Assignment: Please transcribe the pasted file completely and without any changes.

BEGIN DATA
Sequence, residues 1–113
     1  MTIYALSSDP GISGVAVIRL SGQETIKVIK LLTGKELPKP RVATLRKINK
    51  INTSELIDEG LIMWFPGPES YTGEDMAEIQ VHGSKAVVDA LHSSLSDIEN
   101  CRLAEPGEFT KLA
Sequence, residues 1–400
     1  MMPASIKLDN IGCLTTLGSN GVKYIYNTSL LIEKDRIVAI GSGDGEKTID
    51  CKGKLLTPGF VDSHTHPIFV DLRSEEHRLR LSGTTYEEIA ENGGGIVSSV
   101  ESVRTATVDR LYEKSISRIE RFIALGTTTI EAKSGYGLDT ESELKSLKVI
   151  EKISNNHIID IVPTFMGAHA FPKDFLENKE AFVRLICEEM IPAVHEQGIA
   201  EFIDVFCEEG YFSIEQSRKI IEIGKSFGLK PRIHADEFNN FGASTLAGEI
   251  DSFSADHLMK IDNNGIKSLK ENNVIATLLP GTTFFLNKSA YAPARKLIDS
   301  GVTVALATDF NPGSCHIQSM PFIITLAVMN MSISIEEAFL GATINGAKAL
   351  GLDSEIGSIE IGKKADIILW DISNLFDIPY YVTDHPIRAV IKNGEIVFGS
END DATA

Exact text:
Sequence, residues 1–113
     1  MTIYALSSDP GISGVAVIRL SGQETIKVIK LLTGKELPKP RVATLRKINK
    51  INTSELIDEG LIMWFPGPES YTGEDMAEIQ VHGSKAVVDA LHSSLSDIEN
   101  CRLAEPGEFT KLA
Sequence, residues 1–400
     1  MMPASIKLDN IGCLTTLGSN GVKYIYNTSL LIEKDRIVAI GSGDGEKTID
    51  CKGKLLTPGF VDSHTHPIFV DLRSEEHRLR LSGTTYEEIA ENGGGIVSSV
   101  ESVRTATVDR LYEKSISRIE RFIALGTTTI EAKSGYGLDT ESELKSLKVI
   151  EKISNNHIID IVPTFMGAHA FPKDFLENKE AFVRLICEEM IPAVHEQGIA
   201  EFIDVFCEEG YFSIEQSRKI IEIGKSFGLK PRIHADEFNN FGASTLAGEI
   251  DSFSADHLMK IDNNGIKSLK ENNVIATLLP GTTFFLNKSA YAPARKLIDS
   301  GVTVALATDF NPGSCHIQSM PFIITLAVMN MSISIEEAFL GATINGAKAL
   351  GLDSEIGSIE IGKKADIILW DISNLFDIPY YVTDHPIRAV IKNGEIVFGS